Ecclesiastes Lesson 09 Living the Dash
Here, King Solomon interrupts his journal with a poem that may be familiar to some of us. By contrasting opposite experiences of life's journey, he asserts that every aspect and activity is God-designed and purposeful. Between our birth and death, there will be times to dance and mourn, to plant and reap, to gain and to lose. But peace will be woven through it all only when we live each day with the perspective of the Divine security we have through Jesus Christ.
Several months ago I was sent a copy of a poem that I tucked away in my files. The poet was struck by the fact that inscribed on a tombstone is the person’s year of birth and then his year of death separated by a little dash, and that brief dash represents his entire life. The poem reads:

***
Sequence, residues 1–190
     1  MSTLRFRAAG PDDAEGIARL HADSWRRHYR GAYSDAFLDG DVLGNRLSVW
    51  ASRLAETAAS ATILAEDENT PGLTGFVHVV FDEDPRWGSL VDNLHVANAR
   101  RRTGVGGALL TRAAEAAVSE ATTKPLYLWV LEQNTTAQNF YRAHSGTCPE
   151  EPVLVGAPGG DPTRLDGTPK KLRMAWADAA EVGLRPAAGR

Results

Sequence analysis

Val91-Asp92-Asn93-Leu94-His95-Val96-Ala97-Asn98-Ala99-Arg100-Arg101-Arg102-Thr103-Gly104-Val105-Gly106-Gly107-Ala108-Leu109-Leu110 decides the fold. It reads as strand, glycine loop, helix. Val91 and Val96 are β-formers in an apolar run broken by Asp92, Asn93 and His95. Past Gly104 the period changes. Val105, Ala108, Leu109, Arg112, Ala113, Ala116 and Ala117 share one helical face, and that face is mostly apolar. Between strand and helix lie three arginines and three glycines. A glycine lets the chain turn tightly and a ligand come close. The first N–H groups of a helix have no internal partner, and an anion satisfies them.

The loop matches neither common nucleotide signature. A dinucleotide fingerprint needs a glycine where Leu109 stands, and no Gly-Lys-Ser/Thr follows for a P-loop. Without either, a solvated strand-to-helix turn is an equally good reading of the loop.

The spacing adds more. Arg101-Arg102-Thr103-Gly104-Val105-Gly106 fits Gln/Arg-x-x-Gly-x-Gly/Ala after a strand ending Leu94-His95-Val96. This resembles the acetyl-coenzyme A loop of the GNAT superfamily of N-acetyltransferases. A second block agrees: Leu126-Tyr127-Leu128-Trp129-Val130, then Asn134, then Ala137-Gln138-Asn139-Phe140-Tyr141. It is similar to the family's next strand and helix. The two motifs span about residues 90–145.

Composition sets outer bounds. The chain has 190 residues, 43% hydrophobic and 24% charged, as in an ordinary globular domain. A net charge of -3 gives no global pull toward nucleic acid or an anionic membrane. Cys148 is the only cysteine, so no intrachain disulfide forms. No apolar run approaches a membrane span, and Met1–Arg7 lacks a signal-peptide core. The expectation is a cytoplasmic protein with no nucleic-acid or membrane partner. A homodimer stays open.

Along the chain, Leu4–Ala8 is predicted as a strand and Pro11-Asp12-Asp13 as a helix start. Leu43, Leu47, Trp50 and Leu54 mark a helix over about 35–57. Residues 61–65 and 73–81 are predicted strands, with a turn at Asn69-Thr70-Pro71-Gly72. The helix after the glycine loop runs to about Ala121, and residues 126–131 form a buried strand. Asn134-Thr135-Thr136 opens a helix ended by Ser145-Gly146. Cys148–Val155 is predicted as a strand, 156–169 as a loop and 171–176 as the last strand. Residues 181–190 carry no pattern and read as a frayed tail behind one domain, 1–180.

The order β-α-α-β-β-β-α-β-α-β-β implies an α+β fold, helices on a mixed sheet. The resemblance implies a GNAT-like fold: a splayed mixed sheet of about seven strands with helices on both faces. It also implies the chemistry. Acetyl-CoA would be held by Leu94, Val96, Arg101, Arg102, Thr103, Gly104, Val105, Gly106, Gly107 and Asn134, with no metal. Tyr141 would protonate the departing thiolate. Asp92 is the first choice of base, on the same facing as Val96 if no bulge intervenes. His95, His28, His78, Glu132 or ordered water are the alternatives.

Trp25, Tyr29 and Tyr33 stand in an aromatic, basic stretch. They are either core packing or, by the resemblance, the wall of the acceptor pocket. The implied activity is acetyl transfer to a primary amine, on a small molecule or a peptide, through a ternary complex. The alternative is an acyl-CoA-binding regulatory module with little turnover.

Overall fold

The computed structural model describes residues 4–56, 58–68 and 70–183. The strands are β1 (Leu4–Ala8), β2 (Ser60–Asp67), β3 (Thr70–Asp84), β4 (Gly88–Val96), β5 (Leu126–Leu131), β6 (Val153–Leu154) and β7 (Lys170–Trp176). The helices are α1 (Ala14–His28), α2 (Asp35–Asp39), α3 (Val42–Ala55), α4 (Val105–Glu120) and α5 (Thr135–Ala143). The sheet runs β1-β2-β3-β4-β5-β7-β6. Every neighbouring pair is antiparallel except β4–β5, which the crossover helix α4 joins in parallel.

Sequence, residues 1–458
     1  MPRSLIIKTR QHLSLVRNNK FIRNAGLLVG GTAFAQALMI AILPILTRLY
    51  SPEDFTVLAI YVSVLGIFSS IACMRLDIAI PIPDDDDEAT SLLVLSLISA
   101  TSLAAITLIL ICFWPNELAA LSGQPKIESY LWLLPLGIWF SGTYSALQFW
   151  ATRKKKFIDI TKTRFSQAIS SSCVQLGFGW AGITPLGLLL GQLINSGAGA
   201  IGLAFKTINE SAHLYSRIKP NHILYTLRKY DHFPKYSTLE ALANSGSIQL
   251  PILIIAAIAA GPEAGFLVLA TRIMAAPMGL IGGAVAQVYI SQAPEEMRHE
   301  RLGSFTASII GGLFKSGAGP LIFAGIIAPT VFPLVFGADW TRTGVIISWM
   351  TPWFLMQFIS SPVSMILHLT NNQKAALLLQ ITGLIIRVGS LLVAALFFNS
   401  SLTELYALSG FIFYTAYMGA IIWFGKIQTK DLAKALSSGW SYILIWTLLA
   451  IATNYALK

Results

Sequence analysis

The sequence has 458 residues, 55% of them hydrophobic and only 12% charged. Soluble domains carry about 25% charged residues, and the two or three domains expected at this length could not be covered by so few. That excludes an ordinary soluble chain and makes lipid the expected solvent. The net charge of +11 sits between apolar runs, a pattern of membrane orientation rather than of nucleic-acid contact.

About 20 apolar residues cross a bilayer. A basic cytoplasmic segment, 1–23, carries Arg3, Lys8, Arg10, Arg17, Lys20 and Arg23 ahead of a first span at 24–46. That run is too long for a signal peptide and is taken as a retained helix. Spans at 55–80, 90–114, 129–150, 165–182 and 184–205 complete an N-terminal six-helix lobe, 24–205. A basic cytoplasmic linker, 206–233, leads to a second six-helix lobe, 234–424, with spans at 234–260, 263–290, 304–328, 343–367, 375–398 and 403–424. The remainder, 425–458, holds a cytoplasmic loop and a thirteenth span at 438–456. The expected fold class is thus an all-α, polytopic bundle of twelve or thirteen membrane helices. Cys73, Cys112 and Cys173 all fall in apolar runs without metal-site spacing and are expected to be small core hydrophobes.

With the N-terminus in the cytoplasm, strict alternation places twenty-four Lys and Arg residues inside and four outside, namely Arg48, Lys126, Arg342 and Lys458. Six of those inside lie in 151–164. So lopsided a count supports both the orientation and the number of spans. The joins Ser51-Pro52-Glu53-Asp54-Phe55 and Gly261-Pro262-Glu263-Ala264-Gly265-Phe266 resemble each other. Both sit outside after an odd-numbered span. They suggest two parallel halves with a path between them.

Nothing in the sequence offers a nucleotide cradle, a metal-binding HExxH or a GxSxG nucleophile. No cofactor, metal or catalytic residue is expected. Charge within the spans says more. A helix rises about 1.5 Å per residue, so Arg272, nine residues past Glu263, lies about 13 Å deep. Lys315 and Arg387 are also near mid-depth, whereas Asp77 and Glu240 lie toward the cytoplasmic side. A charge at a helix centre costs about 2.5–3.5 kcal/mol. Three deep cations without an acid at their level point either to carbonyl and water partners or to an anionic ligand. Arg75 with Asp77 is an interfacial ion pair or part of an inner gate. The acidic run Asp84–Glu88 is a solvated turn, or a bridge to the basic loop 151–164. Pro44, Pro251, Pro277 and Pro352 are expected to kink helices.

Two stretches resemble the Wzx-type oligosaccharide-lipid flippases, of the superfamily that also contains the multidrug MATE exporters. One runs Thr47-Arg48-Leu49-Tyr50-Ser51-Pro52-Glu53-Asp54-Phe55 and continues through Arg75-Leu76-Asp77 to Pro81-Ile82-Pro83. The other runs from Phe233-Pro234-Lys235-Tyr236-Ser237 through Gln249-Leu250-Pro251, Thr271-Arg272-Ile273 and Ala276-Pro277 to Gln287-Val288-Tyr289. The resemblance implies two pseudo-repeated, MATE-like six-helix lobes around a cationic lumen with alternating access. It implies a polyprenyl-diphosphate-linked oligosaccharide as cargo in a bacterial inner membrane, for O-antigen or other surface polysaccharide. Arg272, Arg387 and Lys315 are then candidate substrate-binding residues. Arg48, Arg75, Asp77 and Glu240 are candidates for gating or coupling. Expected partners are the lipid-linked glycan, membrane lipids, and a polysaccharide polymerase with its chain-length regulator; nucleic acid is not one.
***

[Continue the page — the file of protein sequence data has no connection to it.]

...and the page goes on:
I read of a man who stood to speak
At the funeral of a friend
He referred to the dates on the tombstone
From the beginning to the end
He noted that, first came the date of birth
He then spoke of the following date with tears
But he said what mattered most
Was the dash between those years
For that dash represented all the time
His friend had spent on earth
And now those who loved him most
Knew what that little line was worth.
For it mattered not, how much he owned,
The cars, the house, the cash
What matters most was how he lived
And how he spent his dash.i
That is a pretty insightful thought.
If you will turn to the Book of Ecclesiastes, Solomon has written a poem about life as well. He describes in general terms all that can happen in the space of that little dash, which represents your life and mine. In chapter 3:1, you are introduced to the world’s most famous poem on the subject of time which represents life.ii
For everything there is a season, and a time for every matter under heaven (Ecclesiastes 3:1).